Anxiety is a word that gets thrown around a lot. With so much use, the reality that people face when they have an anxiety disorder can be watered down. What does it look like to live with anxiety? It might look like…
- A first grader who will not go into his classroom each morning. He may cling to his mom or dad. His parents reassure him that today will be a great day, and they hope tomorrow’s drop off will be better. But it is not. Every day, is the same or worse. The little boy has even stopped eating his lunch, and during recess, he sits and watches his classmates play.
- A recently college grad who is starting a new job. Each night she might lie awake, running through each day’s scenario. Did she handle that situation correctly? What could she have done differently? What if she makes a mistake on the job? Her mind races. She cannot sleep. Weeks of little to no sleep are taking their toll.
- A dad whose college-age daughter is out with a friend. He may try to watch TV and distract himself, but his muscles are tightening. His mind wanders to all the ways his daughter might be in danger, so he decides to stay up until she is home safely. He has never gone to be before she arrives home, and nothing has ever happened to her. He cannot stop now.
Everyone experiences worry, embarrassment, nervousness, and anxiety in their day-to-day life. It is normal to feel anxiety about a bill that is due, an important business meeting, a tumultuous relationship, and many other situations in life. However, everyday anxiety rises and falls. When the situation passes, people return to their normal selves. Anxiety disorders, however, are constant. They interfere with people’s ability to function in daily life, and people may or may not know why they are feeling anxious. Over 40 million adults in America suffer with some form of anxiety disorder such as Post-Traumatic Stress Disorder, Social Anxiety Disorder, or Obsessive-Compulsive Disorder.
Anxiety is a difficult but treatable illness. The counselors and therapists at Thriveworks Harrisonburg understand the options available, and we have helped many people find the help they need.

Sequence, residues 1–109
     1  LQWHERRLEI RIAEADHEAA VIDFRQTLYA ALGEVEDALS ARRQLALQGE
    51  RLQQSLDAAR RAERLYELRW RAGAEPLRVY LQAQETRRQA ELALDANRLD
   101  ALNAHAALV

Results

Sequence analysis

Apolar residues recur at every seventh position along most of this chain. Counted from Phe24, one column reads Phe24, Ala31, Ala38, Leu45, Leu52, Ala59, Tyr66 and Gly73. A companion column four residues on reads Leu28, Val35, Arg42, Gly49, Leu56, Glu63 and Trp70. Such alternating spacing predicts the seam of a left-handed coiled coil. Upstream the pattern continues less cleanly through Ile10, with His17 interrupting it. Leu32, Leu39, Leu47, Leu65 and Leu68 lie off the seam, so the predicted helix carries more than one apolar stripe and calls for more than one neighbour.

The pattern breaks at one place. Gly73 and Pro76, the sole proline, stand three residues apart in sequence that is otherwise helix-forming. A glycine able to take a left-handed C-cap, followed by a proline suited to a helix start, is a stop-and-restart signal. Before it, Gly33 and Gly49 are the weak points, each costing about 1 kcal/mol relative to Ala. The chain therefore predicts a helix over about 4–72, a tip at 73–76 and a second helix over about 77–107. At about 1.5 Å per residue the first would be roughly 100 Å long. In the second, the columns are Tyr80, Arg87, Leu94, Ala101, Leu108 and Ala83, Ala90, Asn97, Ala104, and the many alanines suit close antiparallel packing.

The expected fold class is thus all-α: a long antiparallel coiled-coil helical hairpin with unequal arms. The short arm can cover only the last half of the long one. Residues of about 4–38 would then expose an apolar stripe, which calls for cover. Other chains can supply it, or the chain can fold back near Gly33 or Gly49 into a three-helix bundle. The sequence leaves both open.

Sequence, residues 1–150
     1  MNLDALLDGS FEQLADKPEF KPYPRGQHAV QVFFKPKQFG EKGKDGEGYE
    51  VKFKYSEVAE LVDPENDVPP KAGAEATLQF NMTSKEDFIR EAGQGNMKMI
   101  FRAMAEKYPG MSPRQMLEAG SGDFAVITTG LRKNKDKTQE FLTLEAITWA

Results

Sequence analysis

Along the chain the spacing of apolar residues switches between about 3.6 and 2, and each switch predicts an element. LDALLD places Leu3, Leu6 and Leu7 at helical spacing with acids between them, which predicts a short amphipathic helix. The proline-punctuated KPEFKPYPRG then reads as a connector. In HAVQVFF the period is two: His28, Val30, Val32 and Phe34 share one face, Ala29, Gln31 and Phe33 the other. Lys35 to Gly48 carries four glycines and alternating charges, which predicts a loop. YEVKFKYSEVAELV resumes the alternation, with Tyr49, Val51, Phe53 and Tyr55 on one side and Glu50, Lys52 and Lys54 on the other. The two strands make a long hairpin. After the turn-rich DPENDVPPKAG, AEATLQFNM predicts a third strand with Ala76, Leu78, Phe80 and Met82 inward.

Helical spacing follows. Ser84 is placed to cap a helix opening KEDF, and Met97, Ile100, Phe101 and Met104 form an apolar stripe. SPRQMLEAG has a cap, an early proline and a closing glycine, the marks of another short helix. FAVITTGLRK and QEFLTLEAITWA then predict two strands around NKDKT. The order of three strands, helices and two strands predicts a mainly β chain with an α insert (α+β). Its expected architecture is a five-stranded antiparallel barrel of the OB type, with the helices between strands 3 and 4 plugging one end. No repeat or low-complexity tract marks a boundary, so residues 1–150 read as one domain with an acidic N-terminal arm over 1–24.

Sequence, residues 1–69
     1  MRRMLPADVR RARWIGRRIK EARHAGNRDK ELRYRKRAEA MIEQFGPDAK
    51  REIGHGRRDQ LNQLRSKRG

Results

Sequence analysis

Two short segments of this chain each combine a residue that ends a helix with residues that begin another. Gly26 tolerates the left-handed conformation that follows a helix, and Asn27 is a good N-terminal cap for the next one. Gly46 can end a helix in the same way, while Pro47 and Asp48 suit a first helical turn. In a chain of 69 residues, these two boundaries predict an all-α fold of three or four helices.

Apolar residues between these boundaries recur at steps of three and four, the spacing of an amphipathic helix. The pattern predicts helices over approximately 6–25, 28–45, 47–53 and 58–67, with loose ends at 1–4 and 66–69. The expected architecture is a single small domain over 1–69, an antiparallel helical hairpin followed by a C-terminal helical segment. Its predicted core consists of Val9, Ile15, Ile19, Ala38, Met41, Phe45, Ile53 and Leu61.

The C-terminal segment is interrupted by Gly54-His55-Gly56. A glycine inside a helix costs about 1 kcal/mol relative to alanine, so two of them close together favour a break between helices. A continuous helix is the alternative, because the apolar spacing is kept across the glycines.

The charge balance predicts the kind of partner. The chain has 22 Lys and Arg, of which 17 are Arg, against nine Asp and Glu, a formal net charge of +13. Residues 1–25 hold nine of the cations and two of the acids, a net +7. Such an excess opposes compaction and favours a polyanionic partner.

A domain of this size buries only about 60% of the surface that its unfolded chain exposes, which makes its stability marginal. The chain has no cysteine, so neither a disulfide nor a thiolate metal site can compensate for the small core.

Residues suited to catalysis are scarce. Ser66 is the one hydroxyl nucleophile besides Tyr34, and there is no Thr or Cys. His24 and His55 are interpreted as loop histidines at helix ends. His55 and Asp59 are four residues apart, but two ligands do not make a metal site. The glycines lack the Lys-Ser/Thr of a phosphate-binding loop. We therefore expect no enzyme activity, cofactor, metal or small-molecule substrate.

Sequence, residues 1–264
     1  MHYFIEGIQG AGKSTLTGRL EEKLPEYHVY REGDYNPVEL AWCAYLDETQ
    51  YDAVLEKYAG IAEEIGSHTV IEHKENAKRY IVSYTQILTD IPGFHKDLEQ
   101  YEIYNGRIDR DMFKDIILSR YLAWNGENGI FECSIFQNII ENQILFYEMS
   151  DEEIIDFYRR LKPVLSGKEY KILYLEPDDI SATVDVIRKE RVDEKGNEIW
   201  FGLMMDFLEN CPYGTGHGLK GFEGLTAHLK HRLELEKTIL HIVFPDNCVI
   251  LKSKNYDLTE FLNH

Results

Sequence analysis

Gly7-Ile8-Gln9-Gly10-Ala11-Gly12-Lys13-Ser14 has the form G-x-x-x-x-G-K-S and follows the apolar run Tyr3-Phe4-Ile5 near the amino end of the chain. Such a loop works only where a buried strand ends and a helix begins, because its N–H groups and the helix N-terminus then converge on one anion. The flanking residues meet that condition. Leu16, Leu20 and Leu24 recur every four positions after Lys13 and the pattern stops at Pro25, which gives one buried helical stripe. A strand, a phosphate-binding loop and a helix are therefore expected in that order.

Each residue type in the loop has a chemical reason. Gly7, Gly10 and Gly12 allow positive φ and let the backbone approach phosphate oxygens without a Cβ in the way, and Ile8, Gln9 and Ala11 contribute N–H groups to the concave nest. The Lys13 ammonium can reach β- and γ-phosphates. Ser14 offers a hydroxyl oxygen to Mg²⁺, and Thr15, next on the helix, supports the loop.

Generalized Anxiety Disorder
Even though anxiety comes in many forms, when most people talk about anxiety, they are referencing what mental health professionals call Generalized Anxiety Disorder (GAD). The Diagnostic and Statistical Manual of Mental Disorders, Fifth Edition (DSM-5) gives criteria for diagnosing GAD (DSM-5 300.02 [F41.1]). You may have generalized anxiety disorder if you…
- Are feeling above normal anxiety and worry for the majority of the day, on more days than not, and in a variety of setting (such as school, work, home, and more). This feeling will last for at least 6 months.
- Cannot control these feeling of anxiety and worry.
- Are also experiencing a minimum of three of these symptoms (children only need to experience one for a diagnosis):
- Difficulty staying on task or concentrating
- Muscle tension
- Sleep disruptions (either hypersomnia or insomnia)
- The symptoms of anxiety will disrupt an individual’s social and professional life as well as cause distress.
- Another medical condition or a substance cannot cause these symptoms.
- The symptoms also cannot be a part of another mental health disorder (such as obsessive compulsive disorder).
GAD affects all kinds of people—men and women, young and old. Age can affect the way that the anxiety manifests. Adolescence may experience the anxiety about peer relationships and school. Adults may worry more about their well-being, their family, and their finances. In all cases of GAD, the object of anxiety may differ, but the emotional symptoms are the same.
Coping with Anxiety
“If you don’t think your anxiety, depression, sadness and stress impact your physical health, think again. All of these emotions trigger chemical reactions in your body, which can lead to inflammation and a weakened immune system. Learn how to cope, sweet friend. There will always be dark days.” —Kris Carr
Treatment for anxiety disorders often involves a talk-based therapy such as Cognitive Behavioral Therapy, a medication, or a combination of the two. Nonetheless, there are strategies for managing anxiety at home. If you are feeling the effects of anxiety, here are a few tips for coping…
- Breathe deeply. Inhale while you count to four. Hold. Exhale as you count to four. Repeat this breathing pattern until some of the more difficult feelings dissipate.
- Envision yourself at a safe place. Think about your vacation, your favorite reading spot, a garden, or anywhere you feel rested and relaxed. Envision yourself at that safe place.
- Practice mindfulness. Focus all your energy on noticing what is happening in right here. Think about what you are feeling, emotionally and physically. Notice every sensation.
- Do the next thing. If you need to groceries, go to the grocery store. If you have a meeting at work, prepare for that meeting. Make a reasonable to-do list, and work your way through it. That may help you relax when you are able.
Appointments at Thriveworks Harrisonburg for Anxiety
If you are struggling with anxiety, know that help is available. Thriveworks Harrisonburg offers therapy for anxiety. When you contact our office, you may be meeting with your therapist the following day. We offer evening and weekend appointments. We also accept many forms of insurance.
Let’s work together. Call Thriveworks Harrisonburg today.